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Journal Article

Anatomy of Macrozamia communis Lateral Roots and Root Nodules Formed in Vitro Studied with Light and Scanning Electron Microscopy

David T. Webb and J. Henry Slone
American Journal of Botany
Vol. 74, No. 11 (Nov., 1987), pp. 1625-1634
Stable URL: http://www.jstor.org/stable/2444131
Page Count: 10

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Topics: Nodules, Plant cells, Root cap, Plant roots, Meristems, Anatomy, Root nodules, Xylem, Optics, Apical meristems
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Since scans are not currently available to screen readers, please contact JSTOR User Support for access. We'll provide a PDF copy for your screen reader.
Anatomy of Macrozamia communis Lateral Roots and Root Nodules Formed in Vitro Studied with Light and Scanning Electron Microscopy
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Abstract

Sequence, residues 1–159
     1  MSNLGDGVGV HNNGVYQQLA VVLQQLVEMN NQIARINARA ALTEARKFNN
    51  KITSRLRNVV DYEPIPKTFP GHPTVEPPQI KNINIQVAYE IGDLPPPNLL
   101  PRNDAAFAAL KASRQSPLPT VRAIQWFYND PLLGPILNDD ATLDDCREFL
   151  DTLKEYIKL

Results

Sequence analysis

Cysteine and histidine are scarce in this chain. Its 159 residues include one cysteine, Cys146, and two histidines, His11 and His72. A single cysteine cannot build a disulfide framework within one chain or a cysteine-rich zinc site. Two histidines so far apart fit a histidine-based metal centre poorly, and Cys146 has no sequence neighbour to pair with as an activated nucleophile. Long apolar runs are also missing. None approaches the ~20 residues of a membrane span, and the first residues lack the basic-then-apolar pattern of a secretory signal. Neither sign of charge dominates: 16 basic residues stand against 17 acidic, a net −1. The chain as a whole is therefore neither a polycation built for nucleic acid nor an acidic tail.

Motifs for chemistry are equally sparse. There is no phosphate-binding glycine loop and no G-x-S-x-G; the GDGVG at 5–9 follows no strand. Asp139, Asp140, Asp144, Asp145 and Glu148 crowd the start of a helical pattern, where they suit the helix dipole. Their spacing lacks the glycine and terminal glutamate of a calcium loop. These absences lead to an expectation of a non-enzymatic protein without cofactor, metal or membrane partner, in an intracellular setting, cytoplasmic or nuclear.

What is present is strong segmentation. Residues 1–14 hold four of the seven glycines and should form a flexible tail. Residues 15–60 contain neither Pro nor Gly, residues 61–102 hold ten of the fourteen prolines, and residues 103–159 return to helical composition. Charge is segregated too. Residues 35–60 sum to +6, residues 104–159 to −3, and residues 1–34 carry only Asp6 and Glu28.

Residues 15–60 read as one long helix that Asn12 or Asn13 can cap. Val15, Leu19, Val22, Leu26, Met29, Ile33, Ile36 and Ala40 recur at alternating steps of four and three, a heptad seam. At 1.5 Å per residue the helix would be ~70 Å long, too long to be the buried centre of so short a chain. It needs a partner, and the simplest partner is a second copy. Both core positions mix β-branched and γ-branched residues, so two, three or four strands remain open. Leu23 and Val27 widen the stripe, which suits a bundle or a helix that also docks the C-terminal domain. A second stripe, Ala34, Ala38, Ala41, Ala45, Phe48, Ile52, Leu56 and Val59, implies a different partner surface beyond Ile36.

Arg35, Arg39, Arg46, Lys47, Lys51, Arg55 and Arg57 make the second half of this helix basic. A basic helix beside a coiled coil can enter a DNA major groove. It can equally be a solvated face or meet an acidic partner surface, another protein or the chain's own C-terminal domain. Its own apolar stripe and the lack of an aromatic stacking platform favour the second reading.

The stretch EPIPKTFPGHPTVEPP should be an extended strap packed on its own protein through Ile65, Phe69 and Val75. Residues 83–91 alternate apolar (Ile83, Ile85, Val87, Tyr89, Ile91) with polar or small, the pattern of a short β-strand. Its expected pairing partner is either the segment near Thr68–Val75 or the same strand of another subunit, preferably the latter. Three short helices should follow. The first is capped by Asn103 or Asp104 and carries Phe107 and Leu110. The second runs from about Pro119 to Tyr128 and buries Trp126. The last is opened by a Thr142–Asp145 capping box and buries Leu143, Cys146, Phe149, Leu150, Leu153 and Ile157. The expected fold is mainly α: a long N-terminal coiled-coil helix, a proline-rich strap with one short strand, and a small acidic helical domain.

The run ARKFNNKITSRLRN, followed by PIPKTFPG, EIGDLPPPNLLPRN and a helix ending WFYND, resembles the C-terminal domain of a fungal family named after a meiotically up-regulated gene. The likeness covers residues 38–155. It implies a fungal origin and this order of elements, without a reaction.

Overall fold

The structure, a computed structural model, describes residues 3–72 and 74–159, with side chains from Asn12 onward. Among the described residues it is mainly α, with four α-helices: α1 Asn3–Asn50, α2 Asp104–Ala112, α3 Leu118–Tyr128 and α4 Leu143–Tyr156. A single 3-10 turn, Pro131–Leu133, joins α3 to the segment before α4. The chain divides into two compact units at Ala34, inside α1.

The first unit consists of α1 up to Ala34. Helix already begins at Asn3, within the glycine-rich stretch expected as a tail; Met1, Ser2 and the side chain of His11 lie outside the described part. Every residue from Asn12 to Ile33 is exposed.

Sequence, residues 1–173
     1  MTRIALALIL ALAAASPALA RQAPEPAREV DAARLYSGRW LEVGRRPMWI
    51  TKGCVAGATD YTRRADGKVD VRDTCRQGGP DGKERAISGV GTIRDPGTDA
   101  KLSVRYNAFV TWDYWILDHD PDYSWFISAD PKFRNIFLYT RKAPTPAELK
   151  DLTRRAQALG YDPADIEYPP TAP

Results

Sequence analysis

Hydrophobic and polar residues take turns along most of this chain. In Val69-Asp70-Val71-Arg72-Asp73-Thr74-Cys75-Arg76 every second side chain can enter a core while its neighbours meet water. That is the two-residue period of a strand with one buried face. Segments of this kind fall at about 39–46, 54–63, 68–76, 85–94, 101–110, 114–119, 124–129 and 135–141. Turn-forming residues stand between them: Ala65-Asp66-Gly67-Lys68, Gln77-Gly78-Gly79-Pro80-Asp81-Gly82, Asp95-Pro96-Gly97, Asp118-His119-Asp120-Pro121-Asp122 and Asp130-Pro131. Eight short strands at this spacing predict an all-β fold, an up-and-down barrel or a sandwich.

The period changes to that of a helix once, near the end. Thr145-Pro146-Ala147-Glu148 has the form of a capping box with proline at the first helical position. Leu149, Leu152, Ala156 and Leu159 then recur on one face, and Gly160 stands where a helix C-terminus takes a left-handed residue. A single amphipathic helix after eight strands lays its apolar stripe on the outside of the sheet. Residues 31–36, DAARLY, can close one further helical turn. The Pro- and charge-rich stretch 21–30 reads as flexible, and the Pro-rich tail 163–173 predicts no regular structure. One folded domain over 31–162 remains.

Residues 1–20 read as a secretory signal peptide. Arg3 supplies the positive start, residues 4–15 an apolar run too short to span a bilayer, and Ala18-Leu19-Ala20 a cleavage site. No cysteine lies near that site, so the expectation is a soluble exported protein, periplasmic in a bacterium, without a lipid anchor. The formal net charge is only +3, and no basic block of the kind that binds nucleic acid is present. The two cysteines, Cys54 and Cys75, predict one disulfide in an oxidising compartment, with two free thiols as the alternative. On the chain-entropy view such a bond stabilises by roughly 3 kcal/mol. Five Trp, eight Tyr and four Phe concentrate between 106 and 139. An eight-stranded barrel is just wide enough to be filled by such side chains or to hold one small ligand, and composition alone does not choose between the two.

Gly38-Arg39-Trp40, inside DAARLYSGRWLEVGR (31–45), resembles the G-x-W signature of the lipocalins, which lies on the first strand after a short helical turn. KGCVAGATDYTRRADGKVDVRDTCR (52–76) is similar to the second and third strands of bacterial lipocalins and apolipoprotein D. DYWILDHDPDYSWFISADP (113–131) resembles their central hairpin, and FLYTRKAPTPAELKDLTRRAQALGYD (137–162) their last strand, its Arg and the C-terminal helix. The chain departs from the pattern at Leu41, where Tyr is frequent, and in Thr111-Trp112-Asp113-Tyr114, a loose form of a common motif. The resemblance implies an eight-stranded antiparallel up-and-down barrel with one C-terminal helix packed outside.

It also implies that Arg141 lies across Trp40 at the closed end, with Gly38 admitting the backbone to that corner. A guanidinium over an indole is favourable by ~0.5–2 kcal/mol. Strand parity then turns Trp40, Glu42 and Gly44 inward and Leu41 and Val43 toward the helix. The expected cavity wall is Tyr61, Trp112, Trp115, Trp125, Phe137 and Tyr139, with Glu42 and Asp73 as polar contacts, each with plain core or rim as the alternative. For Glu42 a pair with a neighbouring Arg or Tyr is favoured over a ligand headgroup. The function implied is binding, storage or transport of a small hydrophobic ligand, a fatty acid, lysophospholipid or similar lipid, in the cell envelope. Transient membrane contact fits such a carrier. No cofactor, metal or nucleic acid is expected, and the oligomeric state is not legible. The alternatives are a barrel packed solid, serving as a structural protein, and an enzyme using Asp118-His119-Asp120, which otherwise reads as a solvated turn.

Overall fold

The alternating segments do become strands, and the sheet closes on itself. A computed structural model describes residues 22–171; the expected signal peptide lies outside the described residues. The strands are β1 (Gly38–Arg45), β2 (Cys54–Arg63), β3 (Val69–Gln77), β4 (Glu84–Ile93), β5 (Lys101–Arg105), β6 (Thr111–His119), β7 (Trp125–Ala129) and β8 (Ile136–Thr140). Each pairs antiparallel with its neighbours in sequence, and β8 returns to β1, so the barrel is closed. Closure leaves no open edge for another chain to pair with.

The anatomy of Macrozamia communis L. Johnson lateral roots and nodules was studied following axenic culture in light and darkness. Pointed lateral roots from dark cultures had an open apical organization similar to that of other cycads and gymnosperms. A distinct protoderm-derived epidermis was not observed. At the apex, the dermis was formed by the outer root capcortical cell layer. Subapically, the outer cortex formed the dermis. No evidence of an algal zone was observed in these roots. The stele was bounded by a distinct endodermis and contained an exarch, diarch xylem. Apogeotropic nodules which developed at the root-shoot junction in darkness, branched dichotomously and had rounded tips covered by tangentially-enlarged root cap cells. The root cap was reduced to a few cell layers and was confined to the extreme nodule apex. The central region of the apical meristem was enlarged, and meristematic cells contained differentiated amyloplasts. A presumptive algal zone was present in some but not all nodules and divided the cortex into inner and outer regions. Stelar anatomy was similar to that observed in pointed, dark-grown lateral roots, except that there was greater xylem differentiation. Nodules which developed in the light were similar to dark-formed nodules, except that root cap cells were radially enlarged and extended over the flanks of the nodule forming a persistent root cap. The heteromorphic lateral roots of M. communis formed a developmental continuum not a heterorhizic root system.

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